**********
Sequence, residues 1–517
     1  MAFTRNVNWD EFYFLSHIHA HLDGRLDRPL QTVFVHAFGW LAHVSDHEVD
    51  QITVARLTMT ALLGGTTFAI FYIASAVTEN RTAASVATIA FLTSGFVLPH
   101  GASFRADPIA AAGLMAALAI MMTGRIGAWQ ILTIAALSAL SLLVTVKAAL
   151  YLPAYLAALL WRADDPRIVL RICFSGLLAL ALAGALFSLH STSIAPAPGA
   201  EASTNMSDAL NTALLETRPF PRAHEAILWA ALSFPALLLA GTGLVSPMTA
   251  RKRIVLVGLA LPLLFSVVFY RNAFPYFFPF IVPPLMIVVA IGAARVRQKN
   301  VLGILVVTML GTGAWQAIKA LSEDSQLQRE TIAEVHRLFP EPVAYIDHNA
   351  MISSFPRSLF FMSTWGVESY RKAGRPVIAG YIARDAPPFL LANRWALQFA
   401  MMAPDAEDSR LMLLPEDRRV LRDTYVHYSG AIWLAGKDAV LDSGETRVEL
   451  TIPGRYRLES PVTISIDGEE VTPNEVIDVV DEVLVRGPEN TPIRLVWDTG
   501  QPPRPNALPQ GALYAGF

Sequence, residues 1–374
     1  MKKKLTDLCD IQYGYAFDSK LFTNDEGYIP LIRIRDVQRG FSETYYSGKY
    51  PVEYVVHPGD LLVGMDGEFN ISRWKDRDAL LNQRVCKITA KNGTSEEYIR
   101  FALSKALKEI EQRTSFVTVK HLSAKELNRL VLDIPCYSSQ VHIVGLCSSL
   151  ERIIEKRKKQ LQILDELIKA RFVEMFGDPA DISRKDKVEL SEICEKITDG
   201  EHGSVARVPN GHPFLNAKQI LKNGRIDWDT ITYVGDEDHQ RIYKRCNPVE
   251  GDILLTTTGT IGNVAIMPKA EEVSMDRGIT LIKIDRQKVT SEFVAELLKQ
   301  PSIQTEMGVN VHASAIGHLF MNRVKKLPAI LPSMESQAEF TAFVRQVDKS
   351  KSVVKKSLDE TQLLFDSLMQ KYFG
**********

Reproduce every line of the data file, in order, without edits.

Sequence, residues 1–517
     1  MAFTRNVNWD EFYFLSHIHA HLDGRLDRPL QTVFVHAFGW LAHVSDHEVD
    51  QITVARLTMT ALLGGTTFAI FYIASAVTEN RTAASVATIA FLTSGFVLPH
   101  GASFRADPIA AAGLMAALAI MMTGRIGAWQ ILTIAALSAL SLLVTVKAAL
   151  YLPAYLAALL WRADDPRIVL RICFSGLLAL ALAGALFSLH STSIAPAPGA
   201  EASTNMSDAL NTALLETRPF PRAHEAILWA ALSFPALLLA GTGLVSPMTA
   251  RKRIVLVGLA LPLLFSVVFY RNAFPYFFPF IVPPLMIVVA IGAARVRQKN
   301  VLGILVVTML GTGAWQAIKA LSEDSQLQRE TIAEVHRLFP EPVAYIDHNA
   351  MISSFPRSLF FMSTWGVESY RKAGRPVIAG YIARDAPPFL LANRWALQFA
   401  MMAPDAEDSR LMLLPEDRRV LRDTYVHYSG AIWLAGKDAV LDSGETRVEL
   451  TIPGRYRLES PVTISIDGEE VTPNEVIDVV DEVLVRGPEN TPIRLVWDTG
   501  QPPRPNALPQ GALYAGF

Sequence, residues 1–374
     1  MKKKLTDLCD IQYGYAFDSK LFTNDEGYIP LIRIRDVQRG FSETYYSGKY
    51  PVEYVVHPGD LLVGMDGEFN ISRWKDRDAL LNQRVCKITA KNGTSEEYIR
   101  FALSKALKEI EQRTSFVTVK HLSAKELNRL VLDIPCYSSQ VHIVGLCSSL
   151  ERIIEKRKKQ LQILDELIKA RFVEMFGDPA DISRKDKVEL SEICEKITDG
   201  EHGSVARVPN GHPFLNAKQI LKNGRIDWDT ITYVGDEDHQ RIYKRCNPVE
   251  GDILLTTTGT IGNVAIMPKA EEVSMDRGIT LIKIDRQKVT SEFVAELLKQ
   301  PSIQTEMGVN VHASAIGHLF MNRVKKLPAI LPSMESQAEF TAFVRQVDKS
   351  KSVVKKSLDE TQLLFDSLMQ KYFG